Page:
For this reason, she believes that single-cell profiling will enable researchers to take an important step toward personalized medicine that goes beyond what genomics can offer. “DNA sequencing can identify genes and mutations, but can not describe them within their cellular context,” she explains. “Just as the human genome project mapped all the genes in our body and became a basis for studying genetic variation, the next grand challenge is to catalog all cell types in our body and organize them based on their lineages. Having this reference would provide an essential foundation for many areas of research. The Pioneer Award will provide vital funding that will help us to achieve this goal.”
Untangling the causes of bacterial persistence
Kyle Allison’s research is focused on the problem of bacterial persistence, which occurs when individual bacterial cells survive treatment with antibiotics that kill other cells that appear to be just like them (i.e., they are genetically identical, and do not have a mutation). This phenomenon is a particular problem in human health, as chronic, drug-resistant bacterial infections affect thousands of Americans and cost millions of dollars to treat annually. Scientists do not fully understand the causes of bacterial persistence, though its occurrence suggests that bacterial populations are not homogeneous but contain subpopulations of cells that are physiologically distinct.
Systems biology methods should provide deep insight into what distinguishes persistent cells from close relatives that are sensitive to antibiotics.
With the support of his Early Independence Award, Dr. Allison’s goal is to develop methods that would make it possible for the first time to study such bacterial heterogeneity at the level of single cells. Using a combination of experimental and computational approaches based in systems biology, he will develop new methods for isolating persistent cells and characterizing them at the molecular level. These techniques should provide deep insight into what distinguishes persistent cells from close relatives that are sensitive to antibiotics, and the findings could accelerate development of new antibiotic treatments.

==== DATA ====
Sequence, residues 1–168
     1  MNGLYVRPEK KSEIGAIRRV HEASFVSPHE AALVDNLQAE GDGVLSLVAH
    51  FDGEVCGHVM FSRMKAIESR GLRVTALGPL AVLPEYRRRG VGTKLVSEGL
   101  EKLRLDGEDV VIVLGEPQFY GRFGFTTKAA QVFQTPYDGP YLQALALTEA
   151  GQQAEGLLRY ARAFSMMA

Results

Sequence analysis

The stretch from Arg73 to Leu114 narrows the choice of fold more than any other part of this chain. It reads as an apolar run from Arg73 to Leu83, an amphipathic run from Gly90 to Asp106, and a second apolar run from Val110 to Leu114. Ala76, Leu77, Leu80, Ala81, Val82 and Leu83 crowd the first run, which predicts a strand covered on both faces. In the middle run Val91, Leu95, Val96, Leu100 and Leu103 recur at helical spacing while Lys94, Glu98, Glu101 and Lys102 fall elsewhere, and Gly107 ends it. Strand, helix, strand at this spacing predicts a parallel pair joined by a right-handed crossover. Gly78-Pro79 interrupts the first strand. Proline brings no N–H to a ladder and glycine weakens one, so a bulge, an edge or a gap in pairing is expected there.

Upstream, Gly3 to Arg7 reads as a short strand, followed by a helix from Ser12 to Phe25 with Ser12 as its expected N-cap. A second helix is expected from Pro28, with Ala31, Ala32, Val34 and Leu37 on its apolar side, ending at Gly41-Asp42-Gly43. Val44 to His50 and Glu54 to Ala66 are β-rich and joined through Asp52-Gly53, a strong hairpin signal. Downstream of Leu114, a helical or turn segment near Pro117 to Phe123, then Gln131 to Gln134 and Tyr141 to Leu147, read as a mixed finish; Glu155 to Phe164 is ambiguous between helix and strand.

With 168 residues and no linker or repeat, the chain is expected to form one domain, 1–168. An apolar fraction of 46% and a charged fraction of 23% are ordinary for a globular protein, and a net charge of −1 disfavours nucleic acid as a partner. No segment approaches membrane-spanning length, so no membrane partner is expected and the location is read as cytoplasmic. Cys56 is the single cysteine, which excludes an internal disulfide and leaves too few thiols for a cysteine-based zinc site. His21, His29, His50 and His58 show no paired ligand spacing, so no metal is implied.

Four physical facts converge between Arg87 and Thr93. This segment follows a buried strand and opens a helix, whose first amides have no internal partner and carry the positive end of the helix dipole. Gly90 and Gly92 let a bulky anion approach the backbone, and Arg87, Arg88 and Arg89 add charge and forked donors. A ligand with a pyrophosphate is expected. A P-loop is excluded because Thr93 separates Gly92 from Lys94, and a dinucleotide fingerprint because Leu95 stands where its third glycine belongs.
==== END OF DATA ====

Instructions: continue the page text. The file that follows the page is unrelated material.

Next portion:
“My hope is that this effort will address some fundamental questions in the field,” Dr. Allison explains. “Is persistence a system-wide phenomenon or is there a subset of genes that control persistence? What are the processes that persisters tune, down-regulate, or up-regulate in order to avoid the consequences of antibiotic treatment? Answering questions such as these will allow us to develop effective strategies for eradicating persistent bacteria and improving chronic infections.”
The Early Independence Award will also enable Dr. Allison to start his own laboratory at Columbia University. “Running a lab is new for me, so I will be very busy in the coming months,” he says, “but I feel energized by the opportunity to build a small team of talented young scientists and get started.”
— Chris Williams